Onboarding A CEO Towards Successful Social Presence
Kathy Bairdon 15 October, 2014 at 10:10
There are still many CEOs out there who are skeptical of having their own social media presence. After all, CEOs are short on time and are unsure of the benefits of executive participation in social media. They might feel there is too much risk involved, or they may think social is atypical of executives in their industry. However, 83% of people believe that CEO’s who actively participate in social media can build better connections with employees, investors, and customers. Still, just 30% of Fortune 500 CEOs are using social media.
Getting an executive to become active in social media can help a company project a human image to the public. Socially active executives create a channel for authentic engagement and can increase consumer trust.
When an executive has overcome her misgivings and has decided to embark on the social media journey, here’s how to make sure its a worthwhile investment of time for both the subject and the brand.
1. Develop the executive’s story
Starting a social media account and strategy for a CEO is quite similar to starting work with a client. At the outset, it’s important to concentrate on the story the individual wants to tell. The message should be aligned with what’s happening within the “brand” of the company. Come to an agreement with the subject on his/her voice and tone and don’t let brand messages or key points interfere with the executive’s authentic presentation of herself.
2. Inform the content
There are four areas to concentrate on when developing content for an executive’s social media page.
Ensure all content is on-brand and from the executive’s point of view.
Keep tabs on the content that’s in demand—content which other executives, industry influencers, and consumers are commenting on.
Before disseminating, find the optimal content medium—is this a tweet, post, video, infographic, etc.— and what platform is best to post on.
Lastly, target the content and align it with the brand’s overall activity and content calendar.
3. Create and publish the content
Once there’s a comfort level with the landscape, it’s time to create and publish the content. This can best be described in a five-step process:
Learn: Perform ongoing social listening and research to understand trends and content that’s in demand
Create: Create content informed by the research; determine the creative elements needed, and whether the content will be original, shared from another source, etc. It’s best if the executive creates and writes the content, but this isn’t always possible considering the time demands of management. While ghost-writing is a great option, don’t let the program drift too far from the executive himself. That’s the road to inauthenticity.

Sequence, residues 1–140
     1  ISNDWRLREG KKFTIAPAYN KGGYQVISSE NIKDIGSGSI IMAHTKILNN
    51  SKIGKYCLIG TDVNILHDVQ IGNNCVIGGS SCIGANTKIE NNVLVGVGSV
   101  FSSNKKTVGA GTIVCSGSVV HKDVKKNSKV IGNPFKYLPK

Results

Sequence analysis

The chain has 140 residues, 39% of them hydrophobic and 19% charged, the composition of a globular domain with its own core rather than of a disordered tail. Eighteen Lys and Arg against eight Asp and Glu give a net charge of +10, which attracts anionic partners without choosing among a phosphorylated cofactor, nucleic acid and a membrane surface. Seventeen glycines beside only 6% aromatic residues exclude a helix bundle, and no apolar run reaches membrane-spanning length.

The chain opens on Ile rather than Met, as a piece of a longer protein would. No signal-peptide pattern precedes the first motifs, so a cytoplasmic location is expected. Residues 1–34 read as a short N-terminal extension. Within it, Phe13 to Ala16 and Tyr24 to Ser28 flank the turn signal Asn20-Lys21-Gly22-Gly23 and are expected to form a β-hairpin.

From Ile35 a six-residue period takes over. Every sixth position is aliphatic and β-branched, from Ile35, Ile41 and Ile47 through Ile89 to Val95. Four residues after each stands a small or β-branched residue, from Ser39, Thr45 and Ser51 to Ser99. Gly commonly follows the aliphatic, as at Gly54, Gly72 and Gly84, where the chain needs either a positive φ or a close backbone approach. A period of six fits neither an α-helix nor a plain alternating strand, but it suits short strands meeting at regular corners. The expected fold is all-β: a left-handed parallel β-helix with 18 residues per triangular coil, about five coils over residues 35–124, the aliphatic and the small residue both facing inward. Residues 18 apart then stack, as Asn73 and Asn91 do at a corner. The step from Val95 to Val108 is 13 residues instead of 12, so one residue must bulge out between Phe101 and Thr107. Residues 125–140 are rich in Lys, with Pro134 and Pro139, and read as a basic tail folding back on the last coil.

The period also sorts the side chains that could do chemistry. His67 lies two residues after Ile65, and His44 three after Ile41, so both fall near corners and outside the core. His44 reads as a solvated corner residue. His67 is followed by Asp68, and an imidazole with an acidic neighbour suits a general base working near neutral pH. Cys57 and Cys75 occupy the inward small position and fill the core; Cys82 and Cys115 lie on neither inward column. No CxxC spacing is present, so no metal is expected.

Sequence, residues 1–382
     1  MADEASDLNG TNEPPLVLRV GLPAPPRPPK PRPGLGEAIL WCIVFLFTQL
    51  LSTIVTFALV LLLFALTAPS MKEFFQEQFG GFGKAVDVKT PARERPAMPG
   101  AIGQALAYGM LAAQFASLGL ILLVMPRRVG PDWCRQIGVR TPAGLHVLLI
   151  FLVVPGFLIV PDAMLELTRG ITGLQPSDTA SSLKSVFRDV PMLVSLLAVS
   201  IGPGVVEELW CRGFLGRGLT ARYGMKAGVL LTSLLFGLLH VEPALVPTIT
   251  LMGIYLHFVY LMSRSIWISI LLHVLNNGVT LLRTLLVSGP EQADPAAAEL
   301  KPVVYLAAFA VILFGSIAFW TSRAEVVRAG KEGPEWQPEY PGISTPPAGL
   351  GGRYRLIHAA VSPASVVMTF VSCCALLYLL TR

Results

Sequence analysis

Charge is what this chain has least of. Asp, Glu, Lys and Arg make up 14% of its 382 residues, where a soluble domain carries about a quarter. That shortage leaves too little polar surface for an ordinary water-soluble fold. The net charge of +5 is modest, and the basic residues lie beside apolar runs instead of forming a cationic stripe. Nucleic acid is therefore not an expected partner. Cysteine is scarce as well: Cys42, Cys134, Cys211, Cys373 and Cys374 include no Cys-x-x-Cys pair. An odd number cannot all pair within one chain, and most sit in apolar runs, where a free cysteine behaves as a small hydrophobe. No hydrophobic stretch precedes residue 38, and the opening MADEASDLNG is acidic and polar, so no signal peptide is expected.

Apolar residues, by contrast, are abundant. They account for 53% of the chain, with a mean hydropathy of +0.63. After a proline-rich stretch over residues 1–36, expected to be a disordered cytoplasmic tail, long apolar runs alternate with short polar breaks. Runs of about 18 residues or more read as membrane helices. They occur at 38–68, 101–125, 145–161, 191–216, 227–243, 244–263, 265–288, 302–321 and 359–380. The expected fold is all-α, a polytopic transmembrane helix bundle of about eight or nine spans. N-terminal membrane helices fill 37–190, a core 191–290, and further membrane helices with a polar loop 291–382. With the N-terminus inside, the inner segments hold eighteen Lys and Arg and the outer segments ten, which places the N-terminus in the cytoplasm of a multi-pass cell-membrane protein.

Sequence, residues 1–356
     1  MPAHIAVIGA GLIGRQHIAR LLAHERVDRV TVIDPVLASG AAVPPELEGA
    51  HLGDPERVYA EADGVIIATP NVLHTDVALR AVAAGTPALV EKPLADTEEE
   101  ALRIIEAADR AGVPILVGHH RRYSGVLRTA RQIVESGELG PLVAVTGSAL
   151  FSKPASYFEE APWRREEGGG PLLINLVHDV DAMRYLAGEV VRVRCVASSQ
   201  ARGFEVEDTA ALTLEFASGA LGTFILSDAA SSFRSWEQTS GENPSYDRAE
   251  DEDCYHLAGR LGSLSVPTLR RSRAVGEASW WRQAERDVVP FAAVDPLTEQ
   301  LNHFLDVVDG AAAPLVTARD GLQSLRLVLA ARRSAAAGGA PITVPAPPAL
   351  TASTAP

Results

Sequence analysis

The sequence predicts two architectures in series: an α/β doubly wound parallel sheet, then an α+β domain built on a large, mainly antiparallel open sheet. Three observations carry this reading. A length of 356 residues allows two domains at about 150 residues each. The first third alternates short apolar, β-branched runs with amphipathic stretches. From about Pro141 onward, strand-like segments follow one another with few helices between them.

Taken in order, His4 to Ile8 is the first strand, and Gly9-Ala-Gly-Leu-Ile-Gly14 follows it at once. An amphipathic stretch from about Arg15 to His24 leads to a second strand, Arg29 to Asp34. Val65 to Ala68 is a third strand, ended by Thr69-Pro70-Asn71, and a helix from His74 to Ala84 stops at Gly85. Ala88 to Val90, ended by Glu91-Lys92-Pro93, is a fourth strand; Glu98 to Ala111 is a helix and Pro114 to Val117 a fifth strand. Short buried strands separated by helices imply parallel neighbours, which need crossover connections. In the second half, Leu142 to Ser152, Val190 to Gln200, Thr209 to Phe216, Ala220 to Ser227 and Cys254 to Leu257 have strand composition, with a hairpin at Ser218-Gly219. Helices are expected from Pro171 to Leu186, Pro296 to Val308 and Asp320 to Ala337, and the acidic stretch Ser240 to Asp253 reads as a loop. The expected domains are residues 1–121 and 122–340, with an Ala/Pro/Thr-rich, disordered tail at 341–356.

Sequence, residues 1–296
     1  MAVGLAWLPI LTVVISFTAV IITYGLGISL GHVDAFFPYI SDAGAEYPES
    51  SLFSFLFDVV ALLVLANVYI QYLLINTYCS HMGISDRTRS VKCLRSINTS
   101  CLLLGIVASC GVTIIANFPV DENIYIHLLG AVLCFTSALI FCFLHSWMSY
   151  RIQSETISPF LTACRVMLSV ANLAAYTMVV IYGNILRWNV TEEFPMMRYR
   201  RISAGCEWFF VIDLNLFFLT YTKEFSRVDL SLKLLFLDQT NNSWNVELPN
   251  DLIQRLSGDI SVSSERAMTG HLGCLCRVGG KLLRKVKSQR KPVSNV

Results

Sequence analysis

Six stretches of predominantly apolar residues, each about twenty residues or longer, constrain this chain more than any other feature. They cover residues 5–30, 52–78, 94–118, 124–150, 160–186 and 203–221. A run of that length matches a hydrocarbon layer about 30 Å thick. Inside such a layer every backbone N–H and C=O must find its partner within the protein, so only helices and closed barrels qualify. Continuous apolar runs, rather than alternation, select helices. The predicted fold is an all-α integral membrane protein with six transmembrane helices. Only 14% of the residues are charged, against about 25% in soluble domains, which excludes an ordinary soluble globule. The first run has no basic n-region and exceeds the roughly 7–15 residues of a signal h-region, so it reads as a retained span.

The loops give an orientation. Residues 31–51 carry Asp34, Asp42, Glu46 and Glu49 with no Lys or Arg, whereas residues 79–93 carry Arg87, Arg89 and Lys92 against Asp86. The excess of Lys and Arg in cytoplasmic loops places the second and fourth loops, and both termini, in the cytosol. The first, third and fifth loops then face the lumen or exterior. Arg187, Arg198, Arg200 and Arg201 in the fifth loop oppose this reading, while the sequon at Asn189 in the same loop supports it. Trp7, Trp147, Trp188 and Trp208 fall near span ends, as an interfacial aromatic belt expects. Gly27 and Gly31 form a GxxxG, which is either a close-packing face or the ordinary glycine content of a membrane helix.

Target: When and where the content should be published; content should be in lockstep with other brand/company initiatives, events, and priorities.
Engage: After the team or CEO publishes the content, support with other social arms of the company on various social channels
Measure: Track content and and provide ongoing measurement; seeing successes and failures will help inform content strategy and creation in the future
4. Paid amplification
Paid amplification isn’t for everyone, but it can be effective. Promoting the executive’s account or individual tweets can help pile on the followers in a hurry. On LinkedIn, sponsored updates targeted to a niche audience can increase visibility, as can using sponsored guest posts on the company or brand’s Facebook page. Regardless, paid amplification should always be aligned with a broader campaign.
There’s no doubt that creating a successful social media presence for a CEO is a tricky task. With so little time on their hands, the executive will need a well-prepared support team behind him, experts who know the ins and outs of social media and its various platforms, so that the content makes an impact. However, the subject’s personality must show through. Rigidity, absence of personality, or obvious ghost-writing could breed inauthenticity, which will be sniffed out by the ever-savvy public. But done right, a strong, positive social media presence from a CEO will help promote the voice of the brand itself.